I started with Josephine Foster’s I’m a Dreamer. Listening to an album again felt like watching an arthouse film after binge-watching a Netflix show. My attention span was not trained for such a sustained effort. I hated it and told my friend as much. But a week later, over breakfast and coffee, I listened to it again. Maybe the combination of a mellow Sunday morning and Josephine’s voice was a good combination because I couldn’t stop listening. I felt like I was on a journey.

Now, I can’t listen to playlists anymore. It feels like a job half-done. I don’t get to know an artist by only hearing one song. I listen to playlists to find new artists I want to hear more of, but that’s different from never stopping to find out more about specific musicians at all. That’s why albums remain important. A single doesn’t tell the story of an artist. It’s the elevator pitch, the business card. To get to know an artist, to know what they’re worth, what message they’re trying to convey, what they sound like when they’re not trying to get on the radio, you need to listen to the album.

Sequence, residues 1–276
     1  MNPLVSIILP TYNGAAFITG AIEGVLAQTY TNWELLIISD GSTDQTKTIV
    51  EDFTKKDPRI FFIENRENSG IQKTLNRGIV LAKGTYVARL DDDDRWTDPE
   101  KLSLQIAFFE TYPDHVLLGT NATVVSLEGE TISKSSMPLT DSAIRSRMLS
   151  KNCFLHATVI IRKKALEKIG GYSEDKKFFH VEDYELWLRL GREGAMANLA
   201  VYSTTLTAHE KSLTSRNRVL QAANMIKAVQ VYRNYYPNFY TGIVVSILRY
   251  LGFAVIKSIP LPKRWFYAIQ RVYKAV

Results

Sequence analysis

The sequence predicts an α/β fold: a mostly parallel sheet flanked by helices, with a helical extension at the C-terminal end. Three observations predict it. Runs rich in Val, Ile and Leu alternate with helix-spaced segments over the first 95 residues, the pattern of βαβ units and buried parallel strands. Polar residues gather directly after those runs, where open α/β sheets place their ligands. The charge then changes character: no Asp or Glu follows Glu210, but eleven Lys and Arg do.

Since I started listening to albums again, I started remembering the names of the musicians I listen to. Not only that, I started listening to more music. Knowing more about the people I listened to, I started feeling more in control, and less like I was being spoonfed songs by Spotify. I became more curious and adventurous in my listening instead of relying solely on the Discover Weekly playlist. Do yourself a favour and listen to an album today. And if you catch yourself thinking how boring it is, keep listening.